Food reaches lucky few in hungry Niger, others wait
YAMA, Niger, Aug 3 (Reuters) - Emergency operations to feed 2.5 million people in Niger reached some of their first beneficiaries on Wednesday, but there was only enough for some of the hundreds of women and children who came in search of help.
Mothers who left their homes at dawn to trek to the village of Yama northeast of the capital swelled a crowd of expectant faces to more than 1,000 by the time aid workers began handing out biscuits and flour from a stock designed for 500 people.
Lining up patiently in an almost festive atmosphere to the thud of drumming by traditional praise-singers, women with the the weakest children received rations to help them gain strength after months of hand-to-mouth survival.
"I came for food. We have no food in our village, and the children are hungry," said Hamsou Kadi, who walked 5 km (3 miles) with her nine-month-old son Saaid.
Once word had gone round that food was coming to Yama, about 500 km (300 miles) northeast of the capital Niamey, hundreds of women left farms scattered across the area to pick their way across muddy fields in the hope of a share.
More distributions are planned in the Tahoua region near Yama and in other parts of Niger, but so far the operation has only begun to reach a fraction of the needy since aid efforts expanded rapidly after funding arrived last month.
"This is what happens when you don't have regular food distribution," said nutritionist Paul Rees-Thomas from Dublin-based aid agency Concern, referring to the big turnout.
"A lot of these people have come from 10 or 20 km away," he said, as supplies were unloaded from vehicles.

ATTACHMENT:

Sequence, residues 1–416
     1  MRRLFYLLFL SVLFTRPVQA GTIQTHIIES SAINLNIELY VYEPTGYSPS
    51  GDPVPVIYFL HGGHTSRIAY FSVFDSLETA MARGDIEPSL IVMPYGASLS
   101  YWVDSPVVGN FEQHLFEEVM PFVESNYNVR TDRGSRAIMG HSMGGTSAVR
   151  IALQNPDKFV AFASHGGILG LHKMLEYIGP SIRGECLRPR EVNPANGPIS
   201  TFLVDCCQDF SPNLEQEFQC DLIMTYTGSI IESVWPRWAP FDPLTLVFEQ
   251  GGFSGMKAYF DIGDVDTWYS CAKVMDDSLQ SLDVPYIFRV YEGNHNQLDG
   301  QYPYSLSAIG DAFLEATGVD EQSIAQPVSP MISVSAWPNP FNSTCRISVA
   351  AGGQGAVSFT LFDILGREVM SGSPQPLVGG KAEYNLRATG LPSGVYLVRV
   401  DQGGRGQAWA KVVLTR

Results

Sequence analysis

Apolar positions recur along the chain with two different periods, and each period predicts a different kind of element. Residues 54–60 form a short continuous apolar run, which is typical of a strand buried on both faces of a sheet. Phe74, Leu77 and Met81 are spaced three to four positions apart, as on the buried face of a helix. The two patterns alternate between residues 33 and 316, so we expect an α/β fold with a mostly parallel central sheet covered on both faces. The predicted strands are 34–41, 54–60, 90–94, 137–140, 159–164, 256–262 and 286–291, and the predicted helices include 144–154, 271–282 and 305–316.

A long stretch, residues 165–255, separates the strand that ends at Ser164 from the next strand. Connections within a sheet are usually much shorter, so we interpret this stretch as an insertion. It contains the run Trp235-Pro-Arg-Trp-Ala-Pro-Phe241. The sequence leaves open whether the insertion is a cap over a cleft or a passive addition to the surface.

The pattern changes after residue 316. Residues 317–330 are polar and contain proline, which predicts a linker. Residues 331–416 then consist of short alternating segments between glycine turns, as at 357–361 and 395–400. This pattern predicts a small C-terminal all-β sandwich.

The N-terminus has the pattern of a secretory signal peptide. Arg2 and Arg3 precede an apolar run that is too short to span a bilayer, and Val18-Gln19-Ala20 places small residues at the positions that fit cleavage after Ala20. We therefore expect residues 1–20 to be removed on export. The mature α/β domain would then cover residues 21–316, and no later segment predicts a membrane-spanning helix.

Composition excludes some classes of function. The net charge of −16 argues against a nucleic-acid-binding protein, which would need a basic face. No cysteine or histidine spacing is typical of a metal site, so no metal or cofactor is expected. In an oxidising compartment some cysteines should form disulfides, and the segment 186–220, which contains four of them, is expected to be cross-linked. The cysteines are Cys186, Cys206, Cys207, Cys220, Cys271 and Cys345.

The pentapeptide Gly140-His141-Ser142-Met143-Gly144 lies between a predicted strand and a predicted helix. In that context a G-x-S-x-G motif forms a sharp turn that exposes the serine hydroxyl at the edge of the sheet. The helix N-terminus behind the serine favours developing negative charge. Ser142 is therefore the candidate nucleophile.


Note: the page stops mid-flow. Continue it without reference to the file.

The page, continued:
In the latest announcement of more donor aid, the United States said it would fly high-energy food from France to Niger on Friday to be distributed to more than 34,000 children in school feeding programmes.
The U.S. government says it has spent about $13.75 million to help Niger fight hunger this year, including a previous airlift of food from Belgium in July.
Aid workers say rich countries failed to fund appeals early enough to preempt the crisis, although emergency food distribution starting to take place in various parts in the south of the arid country may nevertheless still save lives.
Many of the children weighed and measured in Yama were classed as "moderately" malnourished, meaning they can still avoid slipping into such a fragile state that they could die of hunger or illnesses ravaging their weakened immune system.
In Rome, the World Food Programme (WFP) said it had raised its appeal for its Niger operation to $57.6 million from a previous appeal of $16 million -- now met by donors -- reflecting the raised costs of emergency relief.
The U.N. emergency food agency said it could have intervened earlier and reduced the price of dealing with the crisis had it received earlier responses to appeals.
Under an operation that has expanded several times in the past few weeks, WFP is aiming to feed 2.5 million people in southern Niger, where locusts and drought ravaged crops.
British aid agency Oxfam warned that the crisis in Niger should not obscure wider shortages in West Africa, where Mali, Mauritania and Burkina Faso also face hunger.